Roundhouse demolition permit to be issued

August 11, 1998|By JULIE E. GREENE

A demolition permit for 14 of the 36 structures on the Hagerstown roundhouse property is expected to be issued today, but does not include the roundhouse, a city official said Tuesday.

The most significant of the 14 structures is the turntable pit, said Bob Tracey, president of the Hagerstown Roundhouse Museum Inc.

Losing the turntable pit would make it more costly and difficult, but not impossible, to turn the crescent-shaped, 25-stall roundhouse into a tourist attraction, Tracey said.

The CSX Corp.-owned roundhouse is part of the largest railroad complex left from the steam era and the turntable is the second longest in the world at about 115 feet, museum officials said.


Mike Heyser, the city's building inspector, said the Maryland Department of Environment won't allow the city to issue the demolition permit for the remaining 22 structures until asbestos has been removed from them.

Asbestos removal is expected to begin today, Heyser said. State and city officials had believed it was already underway.

CSX Real Property Director Kevin Hurley said CSX will proceed with razing the approved structures, but didn't know how soon it would begin or how long it would take.

"If someone comes with an offer that we can accept, we'll try to put a brake on the process," Hurley said.

CSX is determining a value for the turntable since the museum wants to buy it, Hurley said. The turntable would have to be moved and the pit filled in, he said.

Tracey said if the roundhouse can't be saved, the museum will eventually need to move from its 300 S. Burhans Blvd. building so it can accommodate its growing collection. The turntable would move with it. The museum building is not slated for demolition.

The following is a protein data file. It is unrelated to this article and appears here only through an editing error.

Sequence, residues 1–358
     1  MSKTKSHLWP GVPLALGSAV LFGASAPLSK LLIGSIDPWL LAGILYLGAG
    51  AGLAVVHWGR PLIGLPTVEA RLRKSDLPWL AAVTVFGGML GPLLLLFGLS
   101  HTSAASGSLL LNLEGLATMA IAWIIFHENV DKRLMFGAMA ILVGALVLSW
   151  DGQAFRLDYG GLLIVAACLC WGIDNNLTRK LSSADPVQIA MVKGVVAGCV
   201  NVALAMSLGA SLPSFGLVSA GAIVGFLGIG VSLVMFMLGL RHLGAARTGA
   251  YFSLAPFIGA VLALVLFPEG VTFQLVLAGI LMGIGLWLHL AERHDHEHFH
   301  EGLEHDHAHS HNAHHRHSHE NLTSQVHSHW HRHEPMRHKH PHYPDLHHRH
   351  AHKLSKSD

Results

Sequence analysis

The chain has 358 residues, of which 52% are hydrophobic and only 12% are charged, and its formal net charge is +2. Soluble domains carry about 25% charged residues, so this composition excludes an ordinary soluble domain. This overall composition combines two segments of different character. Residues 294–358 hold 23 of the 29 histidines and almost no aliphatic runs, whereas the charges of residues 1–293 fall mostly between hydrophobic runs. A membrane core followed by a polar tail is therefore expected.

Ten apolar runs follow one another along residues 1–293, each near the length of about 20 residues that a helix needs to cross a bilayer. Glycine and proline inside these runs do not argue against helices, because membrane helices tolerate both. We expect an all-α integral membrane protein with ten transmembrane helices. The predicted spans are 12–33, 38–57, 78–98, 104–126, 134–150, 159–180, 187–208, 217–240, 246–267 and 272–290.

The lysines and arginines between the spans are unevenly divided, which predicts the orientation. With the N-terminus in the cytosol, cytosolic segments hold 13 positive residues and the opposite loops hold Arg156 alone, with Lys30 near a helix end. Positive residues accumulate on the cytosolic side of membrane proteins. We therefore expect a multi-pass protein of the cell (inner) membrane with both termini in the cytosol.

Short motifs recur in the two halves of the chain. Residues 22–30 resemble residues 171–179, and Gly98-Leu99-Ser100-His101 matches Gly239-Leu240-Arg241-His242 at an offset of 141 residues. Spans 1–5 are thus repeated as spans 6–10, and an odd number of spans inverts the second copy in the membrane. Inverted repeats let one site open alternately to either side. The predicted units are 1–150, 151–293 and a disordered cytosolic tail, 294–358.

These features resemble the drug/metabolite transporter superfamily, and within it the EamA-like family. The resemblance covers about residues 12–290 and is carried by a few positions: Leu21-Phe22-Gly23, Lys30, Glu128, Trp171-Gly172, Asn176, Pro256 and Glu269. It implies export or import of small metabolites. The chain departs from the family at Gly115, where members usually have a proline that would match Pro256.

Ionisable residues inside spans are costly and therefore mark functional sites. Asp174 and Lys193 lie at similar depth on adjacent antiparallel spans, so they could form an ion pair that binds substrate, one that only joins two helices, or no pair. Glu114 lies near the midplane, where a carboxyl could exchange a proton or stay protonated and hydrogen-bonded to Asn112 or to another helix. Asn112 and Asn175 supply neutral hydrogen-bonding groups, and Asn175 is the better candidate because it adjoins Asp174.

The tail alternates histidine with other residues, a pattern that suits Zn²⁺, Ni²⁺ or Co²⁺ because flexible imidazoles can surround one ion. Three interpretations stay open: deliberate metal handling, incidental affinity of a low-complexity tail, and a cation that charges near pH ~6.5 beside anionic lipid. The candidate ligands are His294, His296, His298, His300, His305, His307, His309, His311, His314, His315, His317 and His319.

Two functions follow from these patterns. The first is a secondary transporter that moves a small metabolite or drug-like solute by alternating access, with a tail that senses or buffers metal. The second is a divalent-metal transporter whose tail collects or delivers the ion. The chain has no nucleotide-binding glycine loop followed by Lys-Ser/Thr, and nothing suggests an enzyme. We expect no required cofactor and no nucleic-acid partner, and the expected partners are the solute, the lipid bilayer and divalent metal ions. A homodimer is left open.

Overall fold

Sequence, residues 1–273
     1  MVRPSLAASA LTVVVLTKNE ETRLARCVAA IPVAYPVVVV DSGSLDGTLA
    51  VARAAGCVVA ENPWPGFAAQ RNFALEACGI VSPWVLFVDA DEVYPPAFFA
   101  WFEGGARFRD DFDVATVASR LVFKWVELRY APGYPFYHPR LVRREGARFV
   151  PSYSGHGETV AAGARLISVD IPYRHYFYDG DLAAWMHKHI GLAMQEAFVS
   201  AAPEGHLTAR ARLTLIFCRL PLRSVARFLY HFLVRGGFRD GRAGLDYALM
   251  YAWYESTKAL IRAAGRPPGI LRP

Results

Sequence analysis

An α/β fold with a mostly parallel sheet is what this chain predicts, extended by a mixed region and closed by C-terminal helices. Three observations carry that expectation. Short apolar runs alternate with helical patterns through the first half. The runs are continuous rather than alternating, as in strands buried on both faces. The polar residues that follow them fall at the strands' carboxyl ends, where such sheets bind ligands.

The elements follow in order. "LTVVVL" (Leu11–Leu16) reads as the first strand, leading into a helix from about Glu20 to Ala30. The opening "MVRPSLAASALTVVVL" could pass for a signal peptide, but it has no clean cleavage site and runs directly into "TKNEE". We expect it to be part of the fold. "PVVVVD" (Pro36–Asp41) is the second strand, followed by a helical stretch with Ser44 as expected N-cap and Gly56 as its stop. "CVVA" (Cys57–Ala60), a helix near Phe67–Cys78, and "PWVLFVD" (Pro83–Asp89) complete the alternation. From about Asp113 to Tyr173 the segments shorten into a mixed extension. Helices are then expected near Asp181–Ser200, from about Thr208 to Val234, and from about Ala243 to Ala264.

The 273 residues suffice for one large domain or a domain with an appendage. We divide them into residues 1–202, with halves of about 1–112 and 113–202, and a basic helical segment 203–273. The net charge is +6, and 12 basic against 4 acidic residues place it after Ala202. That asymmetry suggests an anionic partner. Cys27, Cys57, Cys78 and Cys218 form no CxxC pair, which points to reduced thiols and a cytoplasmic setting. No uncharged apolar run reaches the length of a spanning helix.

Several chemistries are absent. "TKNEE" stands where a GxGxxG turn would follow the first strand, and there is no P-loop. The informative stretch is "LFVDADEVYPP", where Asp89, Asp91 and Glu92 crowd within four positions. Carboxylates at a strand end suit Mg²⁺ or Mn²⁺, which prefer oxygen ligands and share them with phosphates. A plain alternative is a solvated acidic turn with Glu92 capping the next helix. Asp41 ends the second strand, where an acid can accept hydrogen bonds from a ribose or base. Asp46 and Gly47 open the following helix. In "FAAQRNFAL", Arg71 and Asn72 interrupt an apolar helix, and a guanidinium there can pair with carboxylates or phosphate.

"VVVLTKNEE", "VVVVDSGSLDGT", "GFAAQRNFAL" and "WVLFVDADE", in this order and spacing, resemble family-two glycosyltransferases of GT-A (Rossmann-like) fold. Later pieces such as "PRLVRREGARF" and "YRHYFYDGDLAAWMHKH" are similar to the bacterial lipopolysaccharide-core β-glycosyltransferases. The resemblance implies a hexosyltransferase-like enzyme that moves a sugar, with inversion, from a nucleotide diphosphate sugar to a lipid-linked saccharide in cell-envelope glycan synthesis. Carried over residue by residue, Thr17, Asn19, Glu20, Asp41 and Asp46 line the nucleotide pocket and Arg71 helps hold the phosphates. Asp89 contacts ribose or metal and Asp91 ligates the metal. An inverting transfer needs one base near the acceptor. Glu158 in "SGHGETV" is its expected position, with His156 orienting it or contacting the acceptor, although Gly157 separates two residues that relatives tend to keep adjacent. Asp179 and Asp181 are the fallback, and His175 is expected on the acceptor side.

Tracey said museum officials are still exploring options to save the railroad complex, but he wouldn't elaborate.

Tracey was to make another pitch to the City Council behind closed doors on Tuesday night to save the roundhouse, but he wouldn't elaborate on that either.

While CSX officials have been good to deal with during this ordeal, Tracey said he felt slighted by Hagerstown officials. Last Tuesday City Council members decided behind closed doors to reject CSX's purchase offer because they didn't know to what extent the property was contaminated by diesel fuel or whether it was developable.

City officials were "naive" and "overcautious" when considering the potential environmental problems on the property, said Tracey, who contends the property is not significantly contaminated.

Mayor Robert E. Bruchey II said city officials have been justifiably cautious in looking out for the city's taxpayers.

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